I read the first chapters of Clean Code by Robert C. Martin, and it seems to me it's pretty good, but I have a doubt, in one part it is mentioned that it is good (cognitively) that the functions should have as few parameters as possible, it even suggests that 3 or more parameters is too much for a function (which I find very exaggerated and idealistic), so I started to wonder...

Both the practices of using global variables and passing many arguments on the functions would be bad programming practices, but the use of global variables can greatly reduce the number of parameters in the functions...

So I wanted to hear what you think about it, is it worth using global variables to reduce the number of parameters of the functions or not? In what cases would it be?

What I think is that it depends on several factors:

  • Source code size.
  • Number of parameters in average of the functions.
  • Number of functions.
  • Frequency in which the same variables are used.

In my opinion if the source code size is relatively small (like less than 600 lines of code), there are many functions, the same variables are passed as parameters and the functions have many parameters, then using global variables would be worth, but I would like to know...

  • Do you share my opinion?
  • What do you think of other cases where the source code is bigger, etc.?

P.S. I saw this post, the titles are very similar, but he doesn't ask what I want to know.

  • 148
    I don't think the alternative would be globals, but instead consolidating arguments into objects. It's probably more of a suggestion that postLetter(string country, string town, string postcode, string streetAddress, int appartmentNumber, string careOf) is a smelly version of postLetter(Address address). Continue reading the book, it hopefully will say something like that.
    – Nathan
    Commented Jul 13, 2017 at 7:18
  • 3
    @DocBrown I took the question to mean something more like Uncle Bob says dont use more than 3 params so I get round that problem by using global variables right? :-) I think likely author does not know there are better ways to get round this problem - like mentioned in the answers below.
    – bytedev
    Commented Jul 13, 2017 at 10:26
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    No more than n parameters is a rule of thumb (for any value of n), not etched on a diamond. Don't mistake good advice for a mandate. Lots of parameters is generally a code smell that you've got too much going on in one function/method. People used to avoid splitting into multiple functions to dodge the added overhead of the extra calls. Few applications are this perf-intensive anymore and a profiler can tell you when and where you need to avoid extra calls. Commented Jul 13, 2017 at 16:04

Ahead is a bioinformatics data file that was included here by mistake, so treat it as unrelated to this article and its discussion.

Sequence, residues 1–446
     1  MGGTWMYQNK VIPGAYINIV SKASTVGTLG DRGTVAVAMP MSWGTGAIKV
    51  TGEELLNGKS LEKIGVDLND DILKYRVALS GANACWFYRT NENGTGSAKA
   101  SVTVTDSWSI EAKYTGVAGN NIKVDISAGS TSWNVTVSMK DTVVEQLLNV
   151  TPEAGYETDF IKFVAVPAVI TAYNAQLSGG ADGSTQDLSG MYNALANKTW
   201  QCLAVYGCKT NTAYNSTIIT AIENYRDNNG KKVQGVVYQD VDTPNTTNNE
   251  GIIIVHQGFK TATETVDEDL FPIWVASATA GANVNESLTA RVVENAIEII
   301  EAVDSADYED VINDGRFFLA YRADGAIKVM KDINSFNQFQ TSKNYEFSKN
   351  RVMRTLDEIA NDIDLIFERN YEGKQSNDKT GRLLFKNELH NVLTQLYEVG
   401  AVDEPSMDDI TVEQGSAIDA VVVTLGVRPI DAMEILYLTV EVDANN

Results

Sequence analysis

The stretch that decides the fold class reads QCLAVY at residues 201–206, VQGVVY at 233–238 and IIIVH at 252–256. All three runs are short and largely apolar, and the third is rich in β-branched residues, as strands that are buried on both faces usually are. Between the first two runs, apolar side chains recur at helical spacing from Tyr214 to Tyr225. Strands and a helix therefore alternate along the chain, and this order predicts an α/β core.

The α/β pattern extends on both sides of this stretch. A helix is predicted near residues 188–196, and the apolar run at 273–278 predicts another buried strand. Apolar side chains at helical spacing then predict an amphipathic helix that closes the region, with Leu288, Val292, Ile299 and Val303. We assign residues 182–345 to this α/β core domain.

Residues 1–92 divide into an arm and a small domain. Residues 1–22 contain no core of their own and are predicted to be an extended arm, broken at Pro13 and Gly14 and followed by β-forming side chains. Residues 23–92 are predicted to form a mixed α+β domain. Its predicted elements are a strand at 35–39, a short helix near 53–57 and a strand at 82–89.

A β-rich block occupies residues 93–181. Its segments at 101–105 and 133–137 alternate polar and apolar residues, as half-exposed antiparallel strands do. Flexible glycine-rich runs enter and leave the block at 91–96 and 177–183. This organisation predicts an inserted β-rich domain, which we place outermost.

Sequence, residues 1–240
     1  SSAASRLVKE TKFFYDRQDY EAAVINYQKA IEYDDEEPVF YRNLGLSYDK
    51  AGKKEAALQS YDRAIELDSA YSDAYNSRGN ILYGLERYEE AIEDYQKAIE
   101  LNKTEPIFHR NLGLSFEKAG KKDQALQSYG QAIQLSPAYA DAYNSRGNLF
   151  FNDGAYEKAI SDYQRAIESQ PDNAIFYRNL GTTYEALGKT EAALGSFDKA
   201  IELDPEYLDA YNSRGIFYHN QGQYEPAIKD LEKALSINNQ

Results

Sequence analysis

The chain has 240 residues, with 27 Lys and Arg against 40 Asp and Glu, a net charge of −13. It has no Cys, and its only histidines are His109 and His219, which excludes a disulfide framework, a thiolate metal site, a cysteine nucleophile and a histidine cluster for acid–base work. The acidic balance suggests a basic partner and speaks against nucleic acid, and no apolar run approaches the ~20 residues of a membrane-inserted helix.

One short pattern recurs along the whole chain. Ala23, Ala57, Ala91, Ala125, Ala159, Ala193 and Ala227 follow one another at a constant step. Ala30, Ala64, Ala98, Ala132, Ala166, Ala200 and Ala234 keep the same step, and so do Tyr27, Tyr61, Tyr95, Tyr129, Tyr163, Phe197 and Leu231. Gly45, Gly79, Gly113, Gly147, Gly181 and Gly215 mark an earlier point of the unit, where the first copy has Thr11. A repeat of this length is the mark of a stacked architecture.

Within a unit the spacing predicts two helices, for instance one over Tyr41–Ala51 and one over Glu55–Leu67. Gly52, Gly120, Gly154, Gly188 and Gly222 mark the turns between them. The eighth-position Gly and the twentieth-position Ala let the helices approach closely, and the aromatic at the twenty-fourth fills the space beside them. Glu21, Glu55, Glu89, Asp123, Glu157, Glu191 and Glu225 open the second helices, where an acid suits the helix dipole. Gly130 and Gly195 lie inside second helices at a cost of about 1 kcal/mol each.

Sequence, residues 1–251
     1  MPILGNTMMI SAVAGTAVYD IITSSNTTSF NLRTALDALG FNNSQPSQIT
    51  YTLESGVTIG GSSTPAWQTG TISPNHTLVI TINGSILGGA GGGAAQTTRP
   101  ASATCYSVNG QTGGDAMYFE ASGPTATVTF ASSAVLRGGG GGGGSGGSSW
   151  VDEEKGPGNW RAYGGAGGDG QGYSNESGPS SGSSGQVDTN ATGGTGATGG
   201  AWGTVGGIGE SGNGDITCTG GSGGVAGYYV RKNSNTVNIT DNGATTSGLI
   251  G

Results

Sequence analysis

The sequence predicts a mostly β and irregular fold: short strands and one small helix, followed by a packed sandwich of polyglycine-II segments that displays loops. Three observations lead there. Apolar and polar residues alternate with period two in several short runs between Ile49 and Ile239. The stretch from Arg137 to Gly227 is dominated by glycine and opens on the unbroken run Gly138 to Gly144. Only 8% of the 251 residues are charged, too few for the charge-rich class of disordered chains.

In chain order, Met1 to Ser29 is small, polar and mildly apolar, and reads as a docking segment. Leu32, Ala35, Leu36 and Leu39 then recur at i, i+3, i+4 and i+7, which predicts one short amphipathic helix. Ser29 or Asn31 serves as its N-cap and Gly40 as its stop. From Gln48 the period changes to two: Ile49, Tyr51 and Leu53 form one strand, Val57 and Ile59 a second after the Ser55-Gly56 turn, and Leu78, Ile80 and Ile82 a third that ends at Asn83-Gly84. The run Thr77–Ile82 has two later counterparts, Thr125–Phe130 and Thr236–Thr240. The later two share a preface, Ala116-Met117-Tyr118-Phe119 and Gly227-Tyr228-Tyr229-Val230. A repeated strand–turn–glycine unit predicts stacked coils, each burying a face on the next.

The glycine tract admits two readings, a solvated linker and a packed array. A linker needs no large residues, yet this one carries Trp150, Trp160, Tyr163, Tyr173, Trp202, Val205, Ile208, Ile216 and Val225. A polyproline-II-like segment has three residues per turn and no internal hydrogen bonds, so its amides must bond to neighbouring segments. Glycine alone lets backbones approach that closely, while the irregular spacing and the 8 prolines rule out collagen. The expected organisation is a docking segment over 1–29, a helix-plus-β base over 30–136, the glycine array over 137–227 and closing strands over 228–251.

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    This shows what is wrong with this sort of judgement-free rule: it opens the door to judgement-free 'solutions'. If a function has many arguments, it may indicate a suboptimal design, usually not just of the function, but of the context in which it it is being used. The solution (if one is needed) is to seek to refactor the code. I cannot give you a simple, general, judgement-free rule on how to do it, but that does not mean that 'no more than N arguments' is a good rule.
    – sdenham
    Commented Jul 13, 2017 at 16:26
  • 4
    If you have too many parameters to a function, odds are some of them are related and should be grouped into an object which then becomes a single parameter encapsulating multiple pieces of data. There is a third option here.
    – user22815
    Commented Jul 13, 2017 at 20:59

15 Answers 15


I don't share your opinion. In my opinion using global variables is a worse practice than more parameters irrespective of the qualities you described. My reasoning is that more parameters may make a method more difficult to understand, but global variables can cause many problems for the code including poor testability, concurrency bugs, and tight coupling. No matter how many parameters a function has, it won't inherently have the same problems as global variables.

...the same variables are passed as parameters

It may be a design smell. If you have the same parameters being passed to most functions in your system, there may be a cross-cutting concern that should be handled by introducing a new component. I don't think passing the same variable to many functions to be sound reasoning to introduce global variables.

In one edit of your question you indicated that introducing global variables might improve the readability of code. I disagree. Usage of global variables is hidden in the implementation code whereas function parameters are declared in the signature. Functions should ideally be pure. They should only operate on their parameters and should not have any side-effects. If you have a pure function, you can reason about the function by looking just at one function. If your function is not pure, you must consider the state of other components, and it becomes much more difficult to reason about.

  • Ok, It's good to hear other opinions, but about the design smell, I'm programming in C problems that are solved by methods of artificial intelligence and I tend to use many functions that almost always use the same matrices, arrays or variables (which I pass as parameters to the functions), I'm saying this because I don't feel that I can put these variables inside a common concept/thing like a struct or union so I wouldn't know how to make a better design, so that's why I think the use of global variables in this case could be worth, but most likely I'm wrong.